Rep. Darrell Issa (R-CA), who is in line to become a powerful committee leader should Republicans take control of the House of Representatives, made some waves last week when he said he wanted to work with President Obama after the midterm elections. “We have a real opportunity to get some things done,” he told the Wall Street Journal. Issa quickly refined his position, however, later telling ABC’s Top Line that “the word ‘compromise’ has been misunderstood.” He clarified that his job will be “getting America back to the center right where it exists.”
It seems the Republican leadership agrees with Issa — there will only be compromise if the President agrees to everything it wants. According to a Washington Post profile published yesterday, Minority Leader John Boehner (R-OH) “let out a long sigh when asked where he would look to work with Obama,” and then said “I came here to fight for a smaller, less costly and more accountable government, and to the extent that [Obama] wants to work with us in terms of where we’re going, I would certainly welcome it.” On Sean Hannity’s radio show yesterday, he made it much more explicit: “This is not a time for compromise, and I can tell you that we will not compromise on our principles,” he said.
Rep. Mike Pence (R-IN), appearing on CNN’s Parker Spitzer last night, was equally as strident, saying that in 1994 when the Republicans took control of Congress “there was altogether too much compromise,” and promised that “there will be no compromise” if Republicans take control after the midterms, specifically on issues like “repealing ObamaCare lock stock and barrel.” Watch it:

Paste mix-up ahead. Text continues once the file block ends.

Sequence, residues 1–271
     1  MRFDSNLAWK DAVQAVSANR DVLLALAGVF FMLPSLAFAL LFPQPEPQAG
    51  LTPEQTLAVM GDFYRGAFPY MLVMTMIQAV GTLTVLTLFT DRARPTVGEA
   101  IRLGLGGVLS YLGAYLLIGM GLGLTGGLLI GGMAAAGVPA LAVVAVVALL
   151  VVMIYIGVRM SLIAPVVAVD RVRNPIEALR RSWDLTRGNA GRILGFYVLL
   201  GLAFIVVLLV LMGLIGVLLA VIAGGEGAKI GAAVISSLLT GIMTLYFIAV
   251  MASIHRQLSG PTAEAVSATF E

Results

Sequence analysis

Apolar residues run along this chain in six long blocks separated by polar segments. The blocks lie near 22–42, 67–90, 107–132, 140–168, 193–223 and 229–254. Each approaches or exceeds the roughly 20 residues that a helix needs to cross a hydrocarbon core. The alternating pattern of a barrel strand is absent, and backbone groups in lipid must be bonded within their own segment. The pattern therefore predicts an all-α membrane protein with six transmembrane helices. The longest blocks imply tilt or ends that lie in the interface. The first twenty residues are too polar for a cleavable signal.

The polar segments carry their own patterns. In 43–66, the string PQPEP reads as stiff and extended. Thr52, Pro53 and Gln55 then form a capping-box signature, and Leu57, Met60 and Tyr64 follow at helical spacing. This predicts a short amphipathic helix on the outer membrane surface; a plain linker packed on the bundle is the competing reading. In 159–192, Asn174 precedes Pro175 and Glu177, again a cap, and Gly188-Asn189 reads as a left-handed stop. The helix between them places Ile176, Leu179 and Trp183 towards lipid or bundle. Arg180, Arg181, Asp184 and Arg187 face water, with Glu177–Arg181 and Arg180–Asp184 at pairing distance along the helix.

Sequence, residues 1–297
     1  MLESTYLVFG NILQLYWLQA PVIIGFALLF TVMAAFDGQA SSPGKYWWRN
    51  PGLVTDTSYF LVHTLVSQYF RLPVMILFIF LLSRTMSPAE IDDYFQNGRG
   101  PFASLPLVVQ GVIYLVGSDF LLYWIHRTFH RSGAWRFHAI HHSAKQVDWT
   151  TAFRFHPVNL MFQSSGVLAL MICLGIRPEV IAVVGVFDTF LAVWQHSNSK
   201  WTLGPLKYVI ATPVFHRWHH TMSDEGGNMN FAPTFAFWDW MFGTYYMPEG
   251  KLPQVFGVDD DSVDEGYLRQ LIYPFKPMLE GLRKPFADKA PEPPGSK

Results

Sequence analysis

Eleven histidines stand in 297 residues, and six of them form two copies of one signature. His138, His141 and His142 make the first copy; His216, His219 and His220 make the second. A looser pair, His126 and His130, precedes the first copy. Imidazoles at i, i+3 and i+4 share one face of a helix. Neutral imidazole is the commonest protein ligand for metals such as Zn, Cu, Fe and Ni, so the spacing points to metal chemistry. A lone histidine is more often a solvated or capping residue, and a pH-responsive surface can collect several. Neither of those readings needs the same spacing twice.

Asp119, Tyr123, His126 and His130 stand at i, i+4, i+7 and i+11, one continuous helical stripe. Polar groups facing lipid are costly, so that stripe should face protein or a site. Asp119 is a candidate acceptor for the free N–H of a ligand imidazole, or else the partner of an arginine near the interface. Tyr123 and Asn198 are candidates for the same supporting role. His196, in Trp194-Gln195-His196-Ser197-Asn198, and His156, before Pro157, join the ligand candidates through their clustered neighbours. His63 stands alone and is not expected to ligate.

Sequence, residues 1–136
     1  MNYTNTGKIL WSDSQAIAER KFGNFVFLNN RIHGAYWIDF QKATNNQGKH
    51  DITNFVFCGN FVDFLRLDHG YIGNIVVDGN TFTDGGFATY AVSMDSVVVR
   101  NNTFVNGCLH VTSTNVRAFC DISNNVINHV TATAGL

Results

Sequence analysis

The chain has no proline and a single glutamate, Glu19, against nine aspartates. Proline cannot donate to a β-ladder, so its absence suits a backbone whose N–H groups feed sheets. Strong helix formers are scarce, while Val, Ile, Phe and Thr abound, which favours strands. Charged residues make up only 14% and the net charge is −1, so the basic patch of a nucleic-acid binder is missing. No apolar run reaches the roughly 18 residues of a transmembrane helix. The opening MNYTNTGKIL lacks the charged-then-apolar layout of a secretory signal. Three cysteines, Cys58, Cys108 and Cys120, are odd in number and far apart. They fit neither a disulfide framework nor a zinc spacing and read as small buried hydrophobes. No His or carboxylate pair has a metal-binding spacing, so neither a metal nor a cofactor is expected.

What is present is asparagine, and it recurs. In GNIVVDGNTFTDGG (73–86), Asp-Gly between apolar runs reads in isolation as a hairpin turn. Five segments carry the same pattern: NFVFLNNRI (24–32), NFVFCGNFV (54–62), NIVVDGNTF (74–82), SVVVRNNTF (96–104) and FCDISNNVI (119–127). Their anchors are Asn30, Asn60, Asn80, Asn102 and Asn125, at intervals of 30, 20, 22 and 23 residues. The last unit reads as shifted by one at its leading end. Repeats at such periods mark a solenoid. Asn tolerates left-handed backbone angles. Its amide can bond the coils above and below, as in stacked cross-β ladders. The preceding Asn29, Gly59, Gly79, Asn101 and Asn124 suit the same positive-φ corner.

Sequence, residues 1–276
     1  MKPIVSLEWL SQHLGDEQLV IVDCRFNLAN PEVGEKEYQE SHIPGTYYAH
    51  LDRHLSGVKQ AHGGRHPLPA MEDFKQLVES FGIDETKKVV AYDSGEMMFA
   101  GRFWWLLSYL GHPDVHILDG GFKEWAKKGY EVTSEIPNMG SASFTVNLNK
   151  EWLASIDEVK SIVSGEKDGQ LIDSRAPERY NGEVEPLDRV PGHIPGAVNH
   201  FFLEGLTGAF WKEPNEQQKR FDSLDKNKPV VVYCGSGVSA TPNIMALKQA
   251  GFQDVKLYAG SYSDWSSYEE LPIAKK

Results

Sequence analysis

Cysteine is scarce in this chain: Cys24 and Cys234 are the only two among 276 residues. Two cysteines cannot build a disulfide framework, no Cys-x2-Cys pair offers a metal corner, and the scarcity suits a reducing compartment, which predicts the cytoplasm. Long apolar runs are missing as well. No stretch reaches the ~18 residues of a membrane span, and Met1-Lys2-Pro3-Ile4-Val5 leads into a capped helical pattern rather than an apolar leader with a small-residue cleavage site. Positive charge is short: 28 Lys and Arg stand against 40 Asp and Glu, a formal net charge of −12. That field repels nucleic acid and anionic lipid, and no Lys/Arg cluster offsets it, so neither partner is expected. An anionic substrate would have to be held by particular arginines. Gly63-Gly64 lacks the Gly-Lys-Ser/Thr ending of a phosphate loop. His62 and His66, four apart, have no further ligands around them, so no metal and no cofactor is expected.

Polls show Americans want Republicans and Democrats to work together in order to achieve progress on major issues, and at a meeting with some progressive bloggers at the White House yesterday, President Obama said he was willing to do that:
THE PRESIDENT: Look, the — I’m a pretty stubborn guy when it comes to, on the one hand, trying to get cooperation. I don’t give up just because I didn’t get cooperation on this issue; I’ll try the next issue. If the Republicans don’t agree with me on fiscal policy, maybe they’ll agree with me on infrastructure. If they don’t agree with me on infrastructure, I’ll try to see if they agree with me on education.
So I’m just going to keep on trying to see where they want to move the country forward.
If Obama “wants to see where they want to move the country,” GOP leaders are making clear they’re less interested in moving it than in defeating him.